25 August 2023
If ever the cliché “labour of love” applied to the restoration of a vessel, then the 67-foot sailing yacht, Dreamtime takes the title. For never was a yacht, once abandoned on ‘death row’, so fortunate to find an admiring owner with the determination to bring her back to her beautiful best.
Designed by German Frers, 67-foot Dreamtime is an icon. Once described by boat builder, Ken Swanson as his “all-time favourite boat”, Dreamtime was one of the custom orders built for Graham O’Neil in 1983.
Shipwright, Iain Smith, Director at Everything Marine Australia at The Boat Works was in charge of the original restoration project, which had fallen through after the owner pulled out.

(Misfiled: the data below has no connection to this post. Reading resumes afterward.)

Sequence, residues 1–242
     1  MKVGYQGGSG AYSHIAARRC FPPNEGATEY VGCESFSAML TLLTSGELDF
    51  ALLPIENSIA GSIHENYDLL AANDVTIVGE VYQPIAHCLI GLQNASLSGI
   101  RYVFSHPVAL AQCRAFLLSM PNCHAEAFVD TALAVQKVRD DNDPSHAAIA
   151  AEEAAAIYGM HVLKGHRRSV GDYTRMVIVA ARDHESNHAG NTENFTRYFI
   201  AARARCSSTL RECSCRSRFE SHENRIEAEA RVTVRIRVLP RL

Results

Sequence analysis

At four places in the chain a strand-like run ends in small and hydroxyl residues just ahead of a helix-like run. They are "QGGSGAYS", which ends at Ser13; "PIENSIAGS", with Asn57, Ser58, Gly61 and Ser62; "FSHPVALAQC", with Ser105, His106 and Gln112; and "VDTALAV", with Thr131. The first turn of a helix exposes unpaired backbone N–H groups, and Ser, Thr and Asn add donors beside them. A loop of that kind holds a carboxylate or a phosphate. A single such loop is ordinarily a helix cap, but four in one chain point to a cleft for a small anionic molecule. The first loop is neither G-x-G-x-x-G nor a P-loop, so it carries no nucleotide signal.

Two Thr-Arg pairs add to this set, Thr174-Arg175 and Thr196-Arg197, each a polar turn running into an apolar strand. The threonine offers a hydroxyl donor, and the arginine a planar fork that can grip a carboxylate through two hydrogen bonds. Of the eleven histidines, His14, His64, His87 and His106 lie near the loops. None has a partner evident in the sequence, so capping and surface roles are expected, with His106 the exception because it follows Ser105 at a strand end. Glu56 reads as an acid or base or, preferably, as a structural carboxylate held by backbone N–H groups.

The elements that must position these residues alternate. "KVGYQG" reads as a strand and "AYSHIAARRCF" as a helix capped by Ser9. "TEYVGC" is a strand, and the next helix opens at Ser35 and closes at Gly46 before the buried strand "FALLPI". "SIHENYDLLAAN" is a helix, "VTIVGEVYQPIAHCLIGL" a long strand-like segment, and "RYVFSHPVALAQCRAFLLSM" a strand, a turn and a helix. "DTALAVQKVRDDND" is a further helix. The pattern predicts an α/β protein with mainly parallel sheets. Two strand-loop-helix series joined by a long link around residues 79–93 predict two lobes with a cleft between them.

The vessel has a certain mystique, as Iain explains. “It has had a good racing history, several famous owners and has cruised the pacific and the Mediterranean. Alan Dart sailed it to Alaska and back over three years.”
The former owner commissioned a refit in 2020, which was then paused, leaving Dreamtime languishing on the hardstand at The Boat Works.
One fortuitous day in December 2022, Iain was discussing a different project with a contact who recognised the yacht and the two of them found a shared admiration for her achievements and her well-deserved place in yachting history.
The contact, Findlay Andrews, an experienced yacht owner, had known of Dreamtime since its second owner in the 1980s. “I’d always thought she was magnificent,” he says.
“I caught up with Iain and he happened to mention Dreamtime, so we walked the 300-metres to see the yacht, and she was exactly as I remembered, except with a hard top added and considerably run down.